Contrast. Elements that aren’t the same should be very different so they stand out, making them “slightly different” confuses the user into seeing a relation that doesn’t exist. Strong contrast between page elements allows the user’s eye to flow from one to another down the page instead of creating a sea of similarity that’s boring and not communicative (Rundle, 2006).
Repetition. Repeat styles down the page for a cohesive feel â€” if you style related elements the same way in one area, continue that trend for other areas for consistency(Rundle, 2006).
Alignment. Everything on the page needs to be visually connected to something else, nothing should be out of place or distinct from all other design elements (Rundle, 2006).
Proximity. Proximity creates related meaning: elements that are related should be grouped together, whereas separate design elements should have enough space in between to communicate they are different (Rundle, 2006).
Connections to example: why is our website CRAP?
Contrast is done by using shades of brown and color of blue which creates attention, differentiated elements, directs attention around the page. Important things are big in comparison to less important ones which are smaller. There is a contrast between background and text.
Repetition is used to create organization. Features that are repeated are colors, layout, navigation. It is applicable across the whole website which makes website distinct, memorable, and easy to use.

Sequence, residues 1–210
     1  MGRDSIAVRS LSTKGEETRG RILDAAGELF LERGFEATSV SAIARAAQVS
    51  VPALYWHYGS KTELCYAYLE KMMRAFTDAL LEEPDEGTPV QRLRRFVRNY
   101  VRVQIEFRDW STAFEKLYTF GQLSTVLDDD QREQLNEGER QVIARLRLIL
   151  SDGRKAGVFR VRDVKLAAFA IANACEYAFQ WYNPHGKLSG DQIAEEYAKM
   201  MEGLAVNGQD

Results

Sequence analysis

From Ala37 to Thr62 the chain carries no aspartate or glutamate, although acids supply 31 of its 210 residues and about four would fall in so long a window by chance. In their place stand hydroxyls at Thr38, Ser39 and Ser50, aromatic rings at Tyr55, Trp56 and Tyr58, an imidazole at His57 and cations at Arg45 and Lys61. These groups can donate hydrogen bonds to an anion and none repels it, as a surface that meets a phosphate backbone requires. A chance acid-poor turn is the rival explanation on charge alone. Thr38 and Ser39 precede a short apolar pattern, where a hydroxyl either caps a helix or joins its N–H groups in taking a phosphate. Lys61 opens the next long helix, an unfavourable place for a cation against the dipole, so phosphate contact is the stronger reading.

Alignment gives to the page a fresh look, organizes, and provides invisible lines which help drawing attention. All the features of the page are well balanced.
Proximity allows to group related elements together such as homework, contributors, etc. Website has enough distance between different objects and reduced space between related objects.
Relation to the course outcomes
It is very important to be able to spread message effectively. In the class we are taught how to do it. One the ways is to create website that catches attention of the audience. If the website is done well according to CRAP principles it is most likely that audience will be interested at looking at the website. Therefore, as students we have chance to learn the design rools and apply them on practice.
Rundle, M. (2006, 04 10). How C.R.A.P is Your Site Design? Retrieved 09 24, 2012, from treehouseblog: Web
TISMWebDev. (2010, 05 31). Design Principles: Contrast, Repetition, Alignment, Proximity. Retrieved 09 24, 2012, from Web
Ward, S. (2007, 08 24). Is Your Web Design CRAP? Retrieved 09 24, 2012, from Pingable: Web